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Leaders in Graduate Education

Gordon McCord, Assistant Teaching Professor
UC San Diego School of Global Policy and Strategy

 

Seven years ago, Gordon McCord, assistant teaching professor of economics at UC San Diego’s School of Global Policy and Strategy (GPS), designed a new graduate course focusing on geographic information systems (GIS). “GIS and Spatial Data Analysis” is now the school’s most popular elective. It emphasizes geography as an important lens through which to study society.

“All sorts of social processes happen in space, from the spatial dynamics of how humans relate to each other to the diffusion of information such as new farming practices,” says McCord.

“We offer our students the chance to gain a sophisticated understanding of GIS tools. It puts their résumés on employers’ short lists very quickly.” –Gordon McCord, Assistant Teaching Professor, UC San Diego School of Global Policy and Strategy

GIS is a suite of geography-based tools for gathering, managing, and analyzing data. It uses spatial location for data analysis to reveal patterns, relationships, and situations. GIS is particularly useful for analyzing the environmental impacts of human society and for investigating the special dynamics of relationships between people.

In a 2015 study, for example, McCord used GIS to help show how climate change might affect the geographic extent of malaria transmission across the tropics. More recently, he was part of a research team that used GIS to map out the locations where people were killed in Northern Ireland to help determine whether homicide was more likely in mixed neighborhoods of Catholics and Protestants than in more homogenous areas. In another study, a GPS student used GIS to track economic activity in North Korea by mapping images of nighttime light emissions in different parts of the country.

“Some schools offer a generic GIS course, but at GPS, we offer our students the chance to gain a sophisticated understanding of GIS tools,” says McCord. “It puts their résumés on employers’ short lists very quickly.”

The GPS course takes a novel approach. “We make a beeline for what political scientists, economists, and other social scientists and policymakers actually do with GIS,” says McCord.

That approach complements the school’s emphasis on rigorous, data-driven analytic training based in economics, advanced statistics, and related fields. GPS students acquire a systematic approach to program design and evaluation, whether their interests focus on advancing human rights, promoting sustainable energy use, or other endeavors.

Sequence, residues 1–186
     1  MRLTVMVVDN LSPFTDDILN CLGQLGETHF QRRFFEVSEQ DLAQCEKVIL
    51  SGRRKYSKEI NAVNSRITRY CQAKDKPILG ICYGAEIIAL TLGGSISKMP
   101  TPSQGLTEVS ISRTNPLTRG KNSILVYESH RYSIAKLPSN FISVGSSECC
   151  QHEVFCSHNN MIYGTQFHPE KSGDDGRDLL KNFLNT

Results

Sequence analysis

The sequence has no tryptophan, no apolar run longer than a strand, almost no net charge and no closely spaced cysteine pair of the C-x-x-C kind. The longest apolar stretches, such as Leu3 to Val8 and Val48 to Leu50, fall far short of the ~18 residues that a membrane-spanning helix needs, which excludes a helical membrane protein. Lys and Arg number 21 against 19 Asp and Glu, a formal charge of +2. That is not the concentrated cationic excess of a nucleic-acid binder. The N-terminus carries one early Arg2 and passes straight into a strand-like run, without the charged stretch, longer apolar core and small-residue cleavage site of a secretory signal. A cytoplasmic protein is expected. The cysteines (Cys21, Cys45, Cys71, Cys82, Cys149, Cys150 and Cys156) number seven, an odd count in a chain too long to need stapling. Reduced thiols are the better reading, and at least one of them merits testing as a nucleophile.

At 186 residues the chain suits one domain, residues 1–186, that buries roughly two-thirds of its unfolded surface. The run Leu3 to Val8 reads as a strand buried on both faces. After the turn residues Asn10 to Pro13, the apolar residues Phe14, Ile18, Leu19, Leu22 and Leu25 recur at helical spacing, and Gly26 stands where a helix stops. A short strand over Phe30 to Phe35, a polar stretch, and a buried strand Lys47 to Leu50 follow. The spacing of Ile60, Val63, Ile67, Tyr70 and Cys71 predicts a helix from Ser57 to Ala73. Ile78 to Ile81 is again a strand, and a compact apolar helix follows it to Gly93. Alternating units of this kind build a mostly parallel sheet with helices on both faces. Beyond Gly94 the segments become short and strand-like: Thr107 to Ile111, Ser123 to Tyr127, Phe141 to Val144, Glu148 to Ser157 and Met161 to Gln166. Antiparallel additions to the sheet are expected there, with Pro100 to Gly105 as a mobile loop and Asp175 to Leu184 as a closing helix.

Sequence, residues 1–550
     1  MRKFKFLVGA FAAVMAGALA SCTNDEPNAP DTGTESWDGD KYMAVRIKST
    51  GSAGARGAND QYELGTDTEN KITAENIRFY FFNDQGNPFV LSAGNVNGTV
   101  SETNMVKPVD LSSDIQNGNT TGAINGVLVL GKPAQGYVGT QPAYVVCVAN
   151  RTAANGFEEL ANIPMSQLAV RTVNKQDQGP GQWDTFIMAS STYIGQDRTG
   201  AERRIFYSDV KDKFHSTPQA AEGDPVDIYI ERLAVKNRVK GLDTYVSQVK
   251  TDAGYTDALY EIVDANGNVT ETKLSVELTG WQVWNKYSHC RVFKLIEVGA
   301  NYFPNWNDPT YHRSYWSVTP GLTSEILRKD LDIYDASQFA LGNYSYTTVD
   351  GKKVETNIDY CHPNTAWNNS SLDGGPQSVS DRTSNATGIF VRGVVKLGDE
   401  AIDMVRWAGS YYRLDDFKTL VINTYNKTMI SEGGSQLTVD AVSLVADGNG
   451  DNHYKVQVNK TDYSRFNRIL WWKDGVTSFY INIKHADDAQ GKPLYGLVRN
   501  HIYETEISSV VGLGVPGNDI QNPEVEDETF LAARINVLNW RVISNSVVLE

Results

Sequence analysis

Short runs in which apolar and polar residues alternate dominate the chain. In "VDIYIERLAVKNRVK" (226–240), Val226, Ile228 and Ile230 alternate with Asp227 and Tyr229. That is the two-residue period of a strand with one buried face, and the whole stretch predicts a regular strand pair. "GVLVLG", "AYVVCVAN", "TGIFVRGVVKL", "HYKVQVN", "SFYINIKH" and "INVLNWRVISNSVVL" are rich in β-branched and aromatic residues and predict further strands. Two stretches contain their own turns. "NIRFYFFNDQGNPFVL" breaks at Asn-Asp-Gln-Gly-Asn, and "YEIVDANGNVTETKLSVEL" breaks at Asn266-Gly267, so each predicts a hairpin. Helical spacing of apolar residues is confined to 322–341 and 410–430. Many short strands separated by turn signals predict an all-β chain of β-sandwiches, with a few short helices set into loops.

During the first year of the school’s two-year master’s degree programs, students take a range of required courses, including courses in quantitative methods. “GIS and Spatial Data Analysis” is offered as a second-year elective.

The school also offers an advanced GIS course that covers remote sensing and analysis of satellite imagery. Additional GIS courses are planned for spring 2019. Master’s degree students at GPS will be able to earn a Certificate in Spatial Analysis after completing a three-course sequence.

“In public policy and international affairs, most problems you want to think about are spatial in nature,” says McCord.

Alumni currently using GIS skills they learned at GPS are employed at the World Bank and other multilateral institutions, government agencies such as USAID, private companies, and think tanks.

The GPS Master of International Affairs (MIA) program teaches a broad set of analytical skills, with a regional focus on Asia and the Americas. In the Master of Public Policy (MPP) program, students may concentrate on one or more policy areas, such as environmental issues, business, health, or security. In 2017, GPS launched its Master of Chinese Economic and Political Affairs (MCEPA) program. Mid-career professionals may pursue the one-year (or part-time, two-year) Master of Advanced Studies in International Affairs (MAS-IA).

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